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American Society of Landscape Architects

 

January 2008 Issue

Five Visions for Manhattan SuperBlocks
Firms design five visions for New York City’s midtow landscape.

By Alex Ulam

Five Visions for Manhattan SuperBlocks

Located on the far west side of Midtown Manhattan, surrounded by tall concrete walls and chain-link fences, the two gigantic superblocks that comprise Hudson River Rail Yards constitute one of the most unwelcoming pedestrian zones in the city. A walk at any time of day past the long empty expanse of the looming walls that stretch for three blocks along 11th Avenue is disconcerting in a city known for its vibrant street life. Nor is there any nature here—even the hilly topography is man-made, and the streets and avenues are built up and over the rail yards, which occupy enormous sooty open pits jammed with tracks and trains.

However, dramatic changes are coming to this bleak area in the form of one of the largest redevelopment projects in the city’s history. Last October, the Metropolitan Transportation Authority (MTA), which controls rail yards, issued a request for proposals (RFP) that in addition to allowing for a whopping 12 million square feet of residential and commercial development contains strict open-space guidelines and requires that approximately 12 acres of the 26-acre site be developed as open space and public parks.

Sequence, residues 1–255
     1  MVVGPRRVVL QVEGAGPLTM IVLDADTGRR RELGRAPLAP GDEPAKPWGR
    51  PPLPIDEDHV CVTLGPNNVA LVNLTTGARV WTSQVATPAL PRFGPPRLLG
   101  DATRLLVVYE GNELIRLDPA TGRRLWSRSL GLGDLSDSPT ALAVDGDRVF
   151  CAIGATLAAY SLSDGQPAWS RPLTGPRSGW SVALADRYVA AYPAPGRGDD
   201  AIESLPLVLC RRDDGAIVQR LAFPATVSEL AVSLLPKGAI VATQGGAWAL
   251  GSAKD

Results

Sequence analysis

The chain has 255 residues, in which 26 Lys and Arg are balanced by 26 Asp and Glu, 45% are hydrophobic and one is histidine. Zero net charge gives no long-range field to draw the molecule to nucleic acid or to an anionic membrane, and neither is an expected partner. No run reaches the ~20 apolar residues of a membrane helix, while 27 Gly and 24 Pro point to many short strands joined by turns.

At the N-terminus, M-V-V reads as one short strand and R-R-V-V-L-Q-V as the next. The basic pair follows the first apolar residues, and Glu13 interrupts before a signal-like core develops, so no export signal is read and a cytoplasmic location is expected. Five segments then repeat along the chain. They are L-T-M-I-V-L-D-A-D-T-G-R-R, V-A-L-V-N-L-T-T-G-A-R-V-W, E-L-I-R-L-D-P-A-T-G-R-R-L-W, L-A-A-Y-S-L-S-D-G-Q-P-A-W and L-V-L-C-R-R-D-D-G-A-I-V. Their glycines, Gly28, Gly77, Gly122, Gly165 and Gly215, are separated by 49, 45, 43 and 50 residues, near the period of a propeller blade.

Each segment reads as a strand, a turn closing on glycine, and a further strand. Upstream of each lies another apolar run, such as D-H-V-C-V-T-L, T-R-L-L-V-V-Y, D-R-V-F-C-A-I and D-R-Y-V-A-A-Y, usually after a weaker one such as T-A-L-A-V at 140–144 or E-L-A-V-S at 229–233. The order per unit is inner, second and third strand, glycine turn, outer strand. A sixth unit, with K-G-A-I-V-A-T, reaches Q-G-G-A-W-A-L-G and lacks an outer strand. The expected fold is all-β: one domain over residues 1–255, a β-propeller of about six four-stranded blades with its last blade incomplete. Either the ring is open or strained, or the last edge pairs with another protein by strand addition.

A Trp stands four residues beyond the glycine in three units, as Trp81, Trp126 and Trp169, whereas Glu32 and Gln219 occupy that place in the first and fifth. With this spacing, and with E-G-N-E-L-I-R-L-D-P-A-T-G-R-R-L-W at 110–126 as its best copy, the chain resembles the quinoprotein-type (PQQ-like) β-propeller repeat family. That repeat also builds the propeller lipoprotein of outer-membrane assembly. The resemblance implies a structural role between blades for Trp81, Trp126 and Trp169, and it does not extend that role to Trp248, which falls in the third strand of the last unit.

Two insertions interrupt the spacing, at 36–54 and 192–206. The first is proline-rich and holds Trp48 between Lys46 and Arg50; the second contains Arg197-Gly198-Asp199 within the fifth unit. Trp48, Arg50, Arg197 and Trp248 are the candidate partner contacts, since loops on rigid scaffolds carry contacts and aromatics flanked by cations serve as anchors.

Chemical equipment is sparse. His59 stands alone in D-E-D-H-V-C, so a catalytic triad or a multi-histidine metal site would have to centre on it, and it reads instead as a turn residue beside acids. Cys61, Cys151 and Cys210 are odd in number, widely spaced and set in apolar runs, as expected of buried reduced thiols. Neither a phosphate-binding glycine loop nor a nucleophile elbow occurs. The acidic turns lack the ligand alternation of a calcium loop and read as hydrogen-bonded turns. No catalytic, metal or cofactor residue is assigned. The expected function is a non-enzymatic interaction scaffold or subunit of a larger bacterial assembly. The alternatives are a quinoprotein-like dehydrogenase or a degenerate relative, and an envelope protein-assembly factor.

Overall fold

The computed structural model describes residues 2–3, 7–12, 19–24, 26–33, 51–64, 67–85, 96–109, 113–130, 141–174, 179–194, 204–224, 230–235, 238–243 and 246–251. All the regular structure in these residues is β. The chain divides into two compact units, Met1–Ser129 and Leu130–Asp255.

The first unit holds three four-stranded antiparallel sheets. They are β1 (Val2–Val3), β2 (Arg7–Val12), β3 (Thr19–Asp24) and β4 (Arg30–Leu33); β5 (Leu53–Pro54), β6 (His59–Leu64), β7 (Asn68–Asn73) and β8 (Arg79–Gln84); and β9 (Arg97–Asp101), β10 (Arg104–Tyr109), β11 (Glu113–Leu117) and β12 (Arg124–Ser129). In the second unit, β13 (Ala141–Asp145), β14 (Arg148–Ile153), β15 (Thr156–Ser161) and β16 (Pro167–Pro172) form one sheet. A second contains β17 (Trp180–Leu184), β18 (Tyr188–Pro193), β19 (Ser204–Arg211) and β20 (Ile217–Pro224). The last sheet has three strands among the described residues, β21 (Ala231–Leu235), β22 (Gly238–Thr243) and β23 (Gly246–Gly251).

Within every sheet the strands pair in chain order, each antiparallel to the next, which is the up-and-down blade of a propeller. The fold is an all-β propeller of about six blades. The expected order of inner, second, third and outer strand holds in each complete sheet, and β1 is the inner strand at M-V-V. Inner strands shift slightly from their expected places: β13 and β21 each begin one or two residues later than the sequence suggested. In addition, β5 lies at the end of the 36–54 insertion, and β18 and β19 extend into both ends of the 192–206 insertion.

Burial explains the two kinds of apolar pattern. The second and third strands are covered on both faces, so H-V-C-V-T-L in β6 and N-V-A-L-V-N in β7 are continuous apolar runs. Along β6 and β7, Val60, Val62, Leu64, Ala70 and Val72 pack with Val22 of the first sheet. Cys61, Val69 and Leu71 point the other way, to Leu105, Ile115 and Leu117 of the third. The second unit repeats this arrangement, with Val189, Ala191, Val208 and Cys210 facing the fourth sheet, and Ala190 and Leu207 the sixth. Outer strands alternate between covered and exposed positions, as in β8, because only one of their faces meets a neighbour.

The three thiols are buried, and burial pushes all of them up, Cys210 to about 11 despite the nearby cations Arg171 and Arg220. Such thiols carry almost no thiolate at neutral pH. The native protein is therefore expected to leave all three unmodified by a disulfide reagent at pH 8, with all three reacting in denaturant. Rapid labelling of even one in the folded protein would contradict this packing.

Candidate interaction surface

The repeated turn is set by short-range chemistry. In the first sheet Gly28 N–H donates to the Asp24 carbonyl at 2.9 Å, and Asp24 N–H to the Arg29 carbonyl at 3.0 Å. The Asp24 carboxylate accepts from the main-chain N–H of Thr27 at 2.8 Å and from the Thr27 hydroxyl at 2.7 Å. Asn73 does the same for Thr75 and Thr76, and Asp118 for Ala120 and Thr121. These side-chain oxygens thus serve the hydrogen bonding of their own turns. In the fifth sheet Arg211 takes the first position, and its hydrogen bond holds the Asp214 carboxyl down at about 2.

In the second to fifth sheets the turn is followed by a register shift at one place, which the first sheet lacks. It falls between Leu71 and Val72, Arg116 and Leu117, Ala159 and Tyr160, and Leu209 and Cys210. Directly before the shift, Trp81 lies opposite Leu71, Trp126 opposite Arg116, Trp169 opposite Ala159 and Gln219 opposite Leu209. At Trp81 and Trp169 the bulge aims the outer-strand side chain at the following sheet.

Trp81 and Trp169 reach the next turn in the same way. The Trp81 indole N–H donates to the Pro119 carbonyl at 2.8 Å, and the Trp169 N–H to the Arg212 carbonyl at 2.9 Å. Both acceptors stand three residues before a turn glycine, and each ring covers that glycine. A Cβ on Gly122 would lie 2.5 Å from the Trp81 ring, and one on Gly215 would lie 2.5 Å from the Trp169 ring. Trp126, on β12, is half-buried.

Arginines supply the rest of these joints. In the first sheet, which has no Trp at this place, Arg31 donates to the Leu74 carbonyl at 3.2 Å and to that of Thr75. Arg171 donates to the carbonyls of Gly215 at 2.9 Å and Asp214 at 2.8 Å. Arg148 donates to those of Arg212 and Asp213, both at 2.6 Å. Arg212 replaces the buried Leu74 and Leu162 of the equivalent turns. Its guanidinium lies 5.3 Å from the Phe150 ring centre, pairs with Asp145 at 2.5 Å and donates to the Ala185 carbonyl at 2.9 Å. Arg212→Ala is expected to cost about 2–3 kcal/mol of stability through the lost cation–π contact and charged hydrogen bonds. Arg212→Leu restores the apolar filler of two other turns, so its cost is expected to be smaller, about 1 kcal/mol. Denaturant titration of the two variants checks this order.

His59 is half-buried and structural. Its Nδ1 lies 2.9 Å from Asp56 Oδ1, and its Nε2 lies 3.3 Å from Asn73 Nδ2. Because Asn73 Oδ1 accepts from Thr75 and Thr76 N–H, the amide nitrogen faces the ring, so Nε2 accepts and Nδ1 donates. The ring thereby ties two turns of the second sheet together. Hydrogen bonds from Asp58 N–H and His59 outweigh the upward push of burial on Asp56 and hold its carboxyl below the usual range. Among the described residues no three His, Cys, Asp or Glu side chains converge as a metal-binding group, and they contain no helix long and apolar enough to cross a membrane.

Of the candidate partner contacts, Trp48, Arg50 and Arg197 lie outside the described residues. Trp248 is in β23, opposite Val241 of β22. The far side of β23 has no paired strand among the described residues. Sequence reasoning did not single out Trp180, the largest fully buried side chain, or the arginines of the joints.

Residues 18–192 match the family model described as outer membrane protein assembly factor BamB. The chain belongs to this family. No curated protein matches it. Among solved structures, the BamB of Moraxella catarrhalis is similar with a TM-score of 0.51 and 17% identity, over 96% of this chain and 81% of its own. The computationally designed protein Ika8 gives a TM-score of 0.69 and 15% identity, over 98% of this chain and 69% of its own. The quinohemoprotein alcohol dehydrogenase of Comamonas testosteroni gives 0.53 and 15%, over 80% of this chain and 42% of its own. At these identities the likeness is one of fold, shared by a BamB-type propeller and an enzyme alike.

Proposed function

Even by New York City standards, this project is enormous. First, at 26 acres, Hudson Yards is the largest undeveloped tract of land in Manhattan—significantly larger than the 16-acre World Trade Center site in lower Manhattan. Second, the scale of the buildings will be immense—the 12 million square feet of new buildings is roughly 12 times the size of the Time Warner Center at Columbus Circle, the largest building project completed in recent city history.

Five different developers are bidding for the opportunity to redevelop Hudson Yards into a new mixed-use neighborhood. The design teams for the development proposals are some of the biggest names in landscape architecture: the Olin Partnership, Field Operations, Peter Walker and Partners Landscape Architecture, WRT Planning and Design, and West 8.

The MTA is expected to select a developer sometime late this month or next. In the meantime, the agency has launched an outreach effort, which has included a display of the models and plans of the competing proposals at a storefront near the city’s Grand Central Station. Civic groups and community organizations have been reviewing plans at packed public meetings.

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